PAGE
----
A turning point for Southern Charm.
Tonight's Dec. 3 episode of the hit Bravo series addressed a serious and complex topic not discussed in the previous six seasons: Charleston's history of slavery and, more specifically, the city's longstanding statue honoring American Vice President John C. Calhoun.
Calhoun was a fervent believer in slavery and white supremacy. Controversy surrounding Charleston's Calhoun statue was a main storyline on tonight's Southern Charm amid the 2020 Black Lives Matter protests over police brutality and racial inequality in this county.
The conversation was led by Leva Bonaparte, the show's first cast member of color. "He is known as a person who fought to keep slavery as his last dying wish," Leva explained to friend Danni Baird. "He was not a very good person."
"I think the statue coming down could really be a moment of healing for our community," Leva adds.
Leva and Danni later attend a conference where members of the community voiced their support for the statue's removal.
"On this very square I had stood several times enjoying the festivities in Charleston not realizing that we stood under a statue of someone that wanted to make sure that people who look like me, that look like my fiancée Megan Pinkney, stayed in chains," South Carolina state representative Todd Rutherford said.
Community Organizer Merrill Chapman added, "My family owned slaves. That's hard for me to say...My history deserves its place: it's place is in a museum. It's time to come down."
Later at brunch, Leva, Danni and their friends cheers to "our kids not having to see that ugly statue anymore."
"And the people that want to keep it up, it's like what are you fighting for?" friend Madison Simon asked. "Do you want to be standing on the same side as the KKK?"
In an exclusive interview with E! News, Leva opened up about what the Calhoun statues removal on June 24, 2020 meant to her.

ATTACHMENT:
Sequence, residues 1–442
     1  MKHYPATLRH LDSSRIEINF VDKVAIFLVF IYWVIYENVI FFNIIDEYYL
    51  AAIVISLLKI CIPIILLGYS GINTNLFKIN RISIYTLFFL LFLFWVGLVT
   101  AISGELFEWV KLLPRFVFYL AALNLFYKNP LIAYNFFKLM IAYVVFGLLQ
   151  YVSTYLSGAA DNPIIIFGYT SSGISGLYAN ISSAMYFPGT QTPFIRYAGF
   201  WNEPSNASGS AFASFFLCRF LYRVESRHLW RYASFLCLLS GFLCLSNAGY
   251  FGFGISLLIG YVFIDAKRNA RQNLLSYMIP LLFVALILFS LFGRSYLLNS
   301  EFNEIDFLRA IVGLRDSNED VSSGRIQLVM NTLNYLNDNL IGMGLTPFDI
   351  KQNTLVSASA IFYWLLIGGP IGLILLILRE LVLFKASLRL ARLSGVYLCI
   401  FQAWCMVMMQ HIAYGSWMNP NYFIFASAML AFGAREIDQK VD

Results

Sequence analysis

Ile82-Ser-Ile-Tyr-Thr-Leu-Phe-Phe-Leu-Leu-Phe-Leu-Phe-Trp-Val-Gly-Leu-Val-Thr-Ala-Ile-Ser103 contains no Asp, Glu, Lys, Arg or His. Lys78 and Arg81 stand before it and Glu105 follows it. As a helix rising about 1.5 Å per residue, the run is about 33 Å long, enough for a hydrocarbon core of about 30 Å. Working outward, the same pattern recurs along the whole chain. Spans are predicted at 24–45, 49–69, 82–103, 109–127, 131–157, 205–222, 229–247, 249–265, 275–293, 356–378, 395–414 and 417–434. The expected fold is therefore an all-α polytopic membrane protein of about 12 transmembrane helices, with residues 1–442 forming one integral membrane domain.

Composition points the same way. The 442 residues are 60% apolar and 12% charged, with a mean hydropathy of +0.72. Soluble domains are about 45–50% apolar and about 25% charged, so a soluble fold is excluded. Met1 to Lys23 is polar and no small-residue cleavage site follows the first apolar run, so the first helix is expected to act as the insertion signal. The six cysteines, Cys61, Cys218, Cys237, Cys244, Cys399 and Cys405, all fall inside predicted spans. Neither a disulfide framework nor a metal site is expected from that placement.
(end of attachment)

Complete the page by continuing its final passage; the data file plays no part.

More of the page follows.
"It's not just any Confederate statue. It was built to actually sort of terrorize African Americans. It was built to look down on what is now Calhoun St. but used to be Boundary St.," Leva shared. "That statue was supposed to sort of strike the fear of god in them if they were to cross that side of the street. The whole symbolism of the statue, it really wasn't to honor his V.P. status so to speak, it was really there to terrorize African Americans."
Leva continued, "I think it coming down was the city just being like, 'We get it. This needs to go.' And particularly it being on the same street from where the Emanuel Nine massacre happened, I think it's the least the city could do to honor the nine souls that were lost that day in what was supposed to be a very calculated race war."
The Bravo star, who has a biracial son with husband Lamar Bonaparte, said she's definitely seen "a shift" in Charleston this year amid the ongoing Black Lives Matter protests.
"I think a lot of people have woken up," she explained. "I think a lot of people are not afraid to say, 'No, I do support this. No, I do see the systematic racism. No, I do see that this is not OK.' And people that wouldn't typically have a voice on any matter...I see a lot changing in Charleston and that's super cool. It's the coolest for my kid."
One person who was missing from the conversation on tonight's episode? Leva's Southern Charm co-star Kathryn Dennis, who is a descendant of John C. Calhoun. "Kathryn should definitely be here today," Leva says in the episode. "To just show up and be like, 'I am related to John C. Calhoun. What he did is not OK and I am sorry.' That would have been such a testament to, 'We're moving forward.'"
According to Leva, Kathryn's only response to the statue's removal was, "I don't care. It's ugly."
Leva admitted the Calhoun statue isn't Charleston's only reminder of the South's problematic history with slavery and racism. "There's a ton. We can list a ton of different things and the way the tours are ran," she explained to E!. "Like if you're in a tour in Charleston they're going to tell you that something's a carriage stoop when actually it's a slave block where they used to sell slaves. All that stuff, it needs to be addressed and it needs to be changed."
She continued, "I think that little by little people are understanding that it doesn't have to always be swept under the rug. I think healing starts when we own it and we talk about it and we heal from it, you know? And we honor the atrocities that were committed against many of the ancestors of people who live here and love here. Love this city and everyone in it. It was huge for our city, that thing coming down."
As for Southern Charm's turning point of discussing tough topics like the history of slavery, she said, "I think that those kind of things need to be acknowledged and I think it's important. I don't think it needs to be the main part of the show, but I think not addressing it when it does come up is not authentic. So I hope that those issues are addressed here and everywhere.
Southern Charm airs Thursdays at 9 p.m. on Bravo. Binge past seasons of Southern Charm on Peacock any time.
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